Today’s movida to force through an extreme mandatory photo voter ID bill without giving the public notice or chance to comment was nothing short of sneaky. It flies in the face of every transparency and good government agenda Smith has championed.
Republicans supporting Brown’s strict mandatory photo voter ID bill were quick to acknowledge that they wanted to making voting harder:
“I think if it’s a little bit harder, then their vote would mean more,” Rep. Dianne Hamilton, R-Silver City, said.
House Bill 340, as passed without public notice, enacts a government mandate that every voter present a photo identification issued by the government before voting. Among concerns noted during the first public debate are that poll workers could subjectively deny voters access if they thought the picture did not perfectly match the voter who may have aged, and concerns that some Native American voters do not have access to tribal identification cards.
The other bill, a compromise bill Smith himself helped write, beefed up New Mexico’s current verbal address verification process and provided options for voters to verify their voting address with a variety of documents available to almost all voters.
Here’s what Smith said back in December about his reasons for supporting his compromise bill, HB61, over Rep. Brown’s HB340:
Sen. Daniel Ivey-Soto said the bill guards against disenfranchising voters and addresses problems with mail-in ballots… HB 61 would allow expired driver’s licenses to be used for voter identification. Also the address on a driver’s license would not have to match that on the voter’s certificate of registration. “I know people move around all the time and don’t change the address on their driver’s licenses even though they’re supposed to,” Smith said.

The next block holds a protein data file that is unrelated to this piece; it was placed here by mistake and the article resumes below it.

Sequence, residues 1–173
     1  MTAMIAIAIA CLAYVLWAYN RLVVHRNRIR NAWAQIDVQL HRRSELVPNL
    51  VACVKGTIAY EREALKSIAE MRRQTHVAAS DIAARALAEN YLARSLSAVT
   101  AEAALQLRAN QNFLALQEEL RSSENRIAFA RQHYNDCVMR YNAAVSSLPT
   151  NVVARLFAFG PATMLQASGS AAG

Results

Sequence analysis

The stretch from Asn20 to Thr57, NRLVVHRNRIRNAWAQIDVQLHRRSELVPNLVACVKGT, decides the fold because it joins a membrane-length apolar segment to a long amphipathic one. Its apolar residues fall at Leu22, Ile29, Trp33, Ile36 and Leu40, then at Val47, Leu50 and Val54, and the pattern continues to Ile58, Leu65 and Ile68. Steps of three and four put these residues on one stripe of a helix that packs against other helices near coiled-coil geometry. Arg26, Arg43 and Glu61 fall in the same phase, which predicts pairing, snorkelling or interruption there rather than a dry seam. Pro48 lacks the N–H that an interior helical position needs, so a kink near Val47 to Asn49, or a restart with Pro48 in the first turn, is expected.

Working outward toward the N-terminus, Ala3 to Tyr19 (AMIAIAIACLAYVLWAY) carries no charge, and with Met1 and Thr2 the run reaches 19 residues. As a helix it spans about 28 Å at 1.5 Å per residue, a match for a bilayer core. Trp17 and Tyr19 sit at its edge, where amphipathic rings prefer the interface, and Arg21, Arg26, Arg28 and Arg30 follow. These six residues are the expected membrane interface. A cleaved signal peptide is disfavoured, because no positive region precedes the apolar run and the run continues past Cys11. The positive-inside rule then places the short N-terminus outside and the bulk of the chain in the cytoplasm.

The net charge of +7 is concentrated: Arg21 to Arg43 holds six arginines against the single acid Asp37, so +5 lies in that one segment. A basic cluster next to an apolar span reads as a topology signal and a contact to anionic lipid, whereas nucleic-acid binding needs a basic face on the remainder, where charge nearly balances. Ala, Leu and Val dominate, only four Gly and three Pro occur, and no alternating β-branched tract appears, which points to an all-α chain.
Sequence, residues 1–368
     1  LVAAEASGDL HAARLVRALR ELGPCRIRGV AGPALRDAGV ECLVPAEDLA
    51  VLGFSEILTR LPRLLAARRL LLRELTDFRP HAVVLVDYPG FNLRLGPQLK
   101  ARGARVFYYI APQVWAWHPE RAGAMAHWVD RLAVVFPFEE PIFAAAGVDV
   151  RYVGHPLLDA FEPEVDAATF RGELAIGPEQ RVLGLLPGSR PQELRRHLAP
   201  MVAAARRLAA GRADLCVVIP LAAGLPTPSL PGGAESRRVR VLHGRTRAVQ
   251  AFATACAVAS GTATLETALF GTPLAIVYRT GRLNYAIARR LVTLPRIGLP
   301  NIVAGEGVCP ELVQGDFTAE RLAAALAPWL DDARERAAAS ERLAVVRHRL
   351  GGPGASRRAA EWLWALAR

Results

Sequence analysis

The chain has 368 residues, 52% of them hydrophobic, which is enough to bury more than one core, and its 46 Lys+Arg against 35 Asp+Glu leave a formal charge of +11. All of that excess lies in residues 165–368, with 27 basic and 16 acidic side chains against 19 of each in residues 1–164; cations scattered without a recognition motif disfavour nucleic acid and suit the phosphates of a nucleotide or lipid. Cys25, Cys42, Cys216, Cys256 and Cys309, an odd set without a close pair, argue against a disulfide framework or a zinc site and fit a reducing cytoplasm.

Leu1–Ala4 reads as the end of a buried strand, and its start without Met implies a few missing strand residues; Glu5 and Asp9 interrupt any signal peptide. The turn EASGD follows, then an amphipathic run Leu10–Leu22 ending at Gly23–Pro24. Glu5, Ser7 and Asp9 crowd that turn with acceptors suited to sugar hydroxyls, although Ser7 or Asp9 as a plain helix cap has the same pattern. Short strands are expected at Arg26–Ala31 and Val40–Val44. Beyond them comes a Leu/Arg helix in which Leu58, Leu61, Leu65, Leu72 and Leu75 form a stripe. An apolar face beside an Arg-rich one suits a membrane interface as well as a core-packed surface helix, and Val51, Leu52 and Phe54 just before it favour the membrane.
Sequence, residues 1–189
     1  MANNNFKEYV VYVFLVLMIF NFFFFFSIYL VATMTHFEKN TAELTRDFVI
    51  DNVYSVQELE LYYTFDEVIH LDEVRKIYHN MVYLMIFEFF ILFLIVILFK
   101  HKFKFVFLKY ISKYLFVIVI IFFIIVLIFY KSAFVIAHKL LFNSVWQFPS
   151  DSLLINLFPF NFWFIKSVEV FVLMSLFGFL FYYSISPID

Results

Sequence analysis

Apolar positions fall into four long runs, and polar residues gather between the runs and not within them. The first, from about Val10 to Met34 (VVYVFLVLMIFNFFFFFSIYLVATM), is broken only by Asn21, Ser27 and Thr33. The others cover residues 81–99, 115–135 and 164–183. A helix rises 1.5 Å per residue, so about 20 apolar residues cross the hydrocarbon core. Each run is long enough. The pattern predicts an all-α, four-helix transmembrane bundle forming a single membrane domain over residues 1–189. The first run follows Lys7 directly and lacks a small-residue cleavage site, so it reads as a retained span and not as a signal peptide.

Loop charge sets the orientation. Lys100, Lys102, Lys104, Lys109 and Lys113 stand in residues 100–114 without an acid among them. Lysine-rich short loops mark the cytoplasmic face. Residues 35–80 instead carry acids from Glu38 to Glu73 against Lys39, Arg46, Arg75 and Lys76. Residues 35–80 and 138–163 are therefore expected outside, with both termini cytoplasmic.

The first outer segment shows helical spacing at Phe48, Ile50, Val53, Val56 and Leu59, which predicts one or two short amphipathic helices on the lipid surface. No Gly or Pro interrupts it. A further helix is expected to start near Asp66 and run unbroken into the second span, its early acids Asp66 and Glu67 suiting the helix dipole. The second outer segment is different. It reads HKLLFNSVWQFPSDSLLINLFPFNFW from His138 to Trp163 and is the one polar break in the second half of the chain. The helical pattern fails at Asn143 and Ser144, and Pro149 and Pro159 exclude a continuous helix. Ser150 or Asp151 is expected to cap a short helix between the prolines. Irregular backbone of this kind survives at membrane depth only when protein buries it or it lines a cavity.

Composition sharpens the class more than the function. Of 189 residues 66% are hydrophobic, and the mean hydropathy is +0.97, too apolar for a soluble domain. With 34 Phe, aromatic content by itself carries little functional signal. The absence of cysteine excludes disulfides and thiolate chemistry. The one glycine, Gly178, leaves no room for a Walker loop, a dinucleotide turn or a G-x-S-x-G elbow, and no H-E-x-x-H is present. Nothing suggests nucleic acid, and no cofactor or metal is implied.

Alex Curtas, ProgressNow NM’s Communications Director and point person for voting rights issues, had this to say about Rep. Smith’s movida:
“Rep. Smith has been a dynamic advocate for open government for many years. He showed a true bi-partisan spirit in his willingness to craft a mandatory photo voter ID bill with Sen. Ivey-Soto this year that tries its best to limit the inevitable voting barriers such laws create. However, any goodwill Rep. Smith created with such a compromise has now been dashed. Even though Rep. Smith voted against Rep. Brown’s restrictive bill a few weeks ago, his devious move today to surrender to Secretary Duran’s pressure and quickly pass it while Democratic committee members were absent is a shameful affront to the committee process (and to his previous actions). Rep. Smith should apologize to the public for excluding them from the democratic process and explain to us why he flip-flopped his own vote. Further, he should explain to his Democratic colleagues why he chose to exclude them from this important voting rights debate.”